The Pope and the Patriarch have recognized the deep spiritual communion, which already exists between their Churches. The celebration of the sacraments of the Lord, the common profession of faith in the Lord Jesus Christ, the Word of God made man for man's salvation, the apostolic traditions which form part of the common heritage of both Churches, the great Fathers and Doctors, including Saint Cyril of Alexandria, who are their common masters in the faith all these testify to the action of the Holy Spirit who has continued to work in their Churches even when there have been human weakness and failings. The period of mutual recrimination and condemnation has given place to a willingness to meet together in sincere efforts to lighten and eventually remove the burden of history which still weighs heavily upon Christians.

Progress has already been made and Pope Paul VI and the Patriarch Mar Ignatius Jacob III are in agreement that there is no difference in the faith they profess concerning the mystery of the Word of God made flesh and become really man, even if over the centuries difficulties have arisen out of the different theological expressions by which this faith was expressed. They therefore encourage the clergy and faithful of their Churches to even greater endeavours at removing the obstacles which still prevent complete communion among them. This should be done with love, with openness to the promptings of the Holy Spirit, and with mutual respect for each other and each other's Church. They particularly exhort the scholars of their Churches, and of all Christian communities, to penetrate more deeply into the mystery of Christ with humility and fidelity to the Apostolic traditions so that the fruits of their reflections may help the Church in her service to the world which the Incarnate Son of God has redeemed. 
That copy and paste function can be downright dangerous in the wrong hands.  Skeery.  :afraidsmiley:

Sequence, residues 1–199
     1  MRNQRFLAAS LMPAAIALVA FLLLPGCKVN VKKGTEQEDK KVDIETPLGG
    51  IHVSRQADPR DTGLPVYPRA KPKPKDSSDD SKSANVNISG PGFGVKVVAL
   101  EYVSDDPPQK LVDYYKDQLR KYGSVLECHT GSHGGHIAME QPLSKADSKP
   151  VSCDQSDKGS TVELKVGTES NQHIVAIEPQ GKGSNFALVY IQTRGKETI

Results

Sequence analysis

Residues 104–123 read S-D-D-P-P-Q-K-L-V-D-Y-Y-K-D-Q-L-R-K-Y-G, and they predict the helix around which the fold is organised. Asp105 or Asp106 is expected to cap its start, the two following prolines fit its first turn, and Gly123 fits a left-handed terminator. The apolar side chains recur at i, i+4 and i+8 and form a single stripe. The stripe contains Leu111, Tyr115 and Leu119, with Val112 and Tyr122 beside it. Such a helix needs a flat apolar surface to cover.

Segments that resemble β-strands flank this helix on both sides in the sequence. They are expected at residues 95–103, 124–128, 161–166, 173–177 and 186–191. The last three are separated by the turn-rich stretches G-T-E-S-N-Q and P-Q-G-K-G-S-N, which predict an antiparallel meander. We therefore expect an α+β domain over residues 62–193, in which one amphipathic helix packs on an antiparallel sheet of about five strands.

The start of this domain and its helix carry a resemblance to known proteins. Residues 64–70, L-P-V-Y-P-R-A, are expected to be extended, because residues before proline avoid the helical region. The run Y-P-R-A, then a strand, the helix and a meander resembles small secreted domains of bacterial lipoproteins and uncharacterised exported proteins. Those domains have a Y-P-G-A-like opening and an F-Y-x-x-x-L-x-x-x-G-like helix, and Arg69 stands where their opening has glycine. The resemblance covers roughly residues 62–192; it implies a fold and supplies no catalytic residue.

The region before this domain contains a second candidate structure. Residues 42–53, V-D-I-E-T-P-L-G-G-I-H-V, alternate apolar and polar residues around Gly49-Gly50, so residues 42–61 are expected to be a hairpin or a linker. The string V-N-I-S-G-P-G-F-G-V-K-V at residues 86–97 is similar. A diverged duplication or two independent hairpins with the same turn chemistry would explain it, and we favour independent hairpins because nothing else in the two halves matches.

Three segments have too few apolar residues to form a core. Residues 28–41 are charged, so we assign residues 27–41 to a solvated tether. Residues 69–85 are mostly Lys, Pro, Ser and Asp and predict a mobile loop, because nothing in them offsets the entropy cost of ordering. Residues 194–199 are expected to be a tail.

(08-15-2012, 02:22 PM)TrentCath Wrote: Anyways I've finished finding enough contradictions, so now, as I said I would do, I'll separate them out.

It is not clear to me how you are doing what you said you would do.  It looks like more "contradictions".
As others have asked, I have begun to separate the contradictions out:

The quotes relevant to ecumenicism with non catholic 'christians' can be found here:
The second part can be seen here:
(08-15-2012, 07:15 PM)TrentCath Wrote: The second part can be seen here:

Give a man a hyperlink and he links for a day.  Give a man the ability to paste a hyperlink on a forum and he links for a lifetime.  So exciting. 
So by all means Script, Jayne and others show us how actually the popes taught the same thing on ecumenicism and there is no contradiction whatsoever  :P
And of course you can show why all the apparently self evident theological errors they've made, were not errors at all!
(08-15-2012, 09:32 PM)TrentCath Wrote: And of course you can show why all the apparently self evident theological errors they've made, were not errors at all!

Of course they were errors.  Any nitwit can see that.  Meaning the Church has defected.  Meaning only a nitwit would remain Catholic.  Q.E.D.
I'm not defending any of the post-VII popes here, but I think one should remember that this trad method of stacking short, isolated quotations against one another has its limits. Many on this forum simply assume that the most "hardline" statements made by a pope or theologian on any given matter must be taken as definitive and more moderate statements made by the same pope or theologian must be ignored, which seems problematic to me. For example, one can go back to the Fathers and find many positive statements about pagan culture mixed in with the more negative ones. Of course, I suppose most here would simply say that the Fathers were nothing more than superstitious fools unfortunate enough to be born before the glorious birth of real Catholicism in the post-Tridentine era, but there you go.